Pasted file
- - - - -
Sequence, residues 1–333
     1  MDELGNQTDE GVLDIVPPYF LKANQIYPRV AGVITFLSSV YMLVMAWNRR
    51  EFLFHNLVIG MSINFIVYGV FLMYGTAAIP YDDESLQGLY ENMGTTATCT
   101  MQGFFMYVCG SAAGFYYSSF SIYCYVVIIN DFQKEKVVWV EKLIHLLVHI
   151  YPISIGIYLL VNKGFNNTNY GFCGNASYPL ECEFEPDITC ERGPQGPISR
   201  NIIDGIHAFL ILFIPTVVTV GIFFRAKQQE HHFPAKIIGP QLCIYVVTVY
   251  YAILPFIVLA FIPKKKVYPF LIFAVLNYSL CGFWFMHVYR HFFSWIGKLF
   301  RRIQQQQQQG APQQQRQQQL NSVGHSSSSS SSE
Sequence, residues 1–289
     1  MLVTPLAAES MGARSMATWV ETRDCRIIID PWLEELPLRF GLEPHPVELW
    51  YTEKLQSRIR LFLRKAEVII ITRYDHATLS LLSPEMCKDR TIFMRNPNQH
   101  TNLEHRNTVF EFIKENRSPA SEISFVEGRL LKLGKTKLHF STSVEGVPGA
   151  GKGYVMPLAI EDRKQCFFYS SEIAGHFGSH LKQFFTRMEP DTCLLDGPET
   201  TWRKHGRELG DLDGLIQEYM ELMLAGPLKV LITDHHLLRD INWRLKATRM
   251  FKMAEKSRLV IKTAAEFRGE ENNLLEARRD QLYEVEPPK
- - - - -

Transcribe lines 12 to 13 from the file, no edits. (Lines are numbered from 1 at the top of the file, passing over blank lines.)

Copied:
   101  TNLEHRNTVF EFIKENRSPA SEISFVEGRL LKLGKTKLHF STSVEGVPGA
   151  GKGYVMPLAI EDRKQCFFYS SEIAGHFGSH LKQFFTRMEP DTCLLDGPET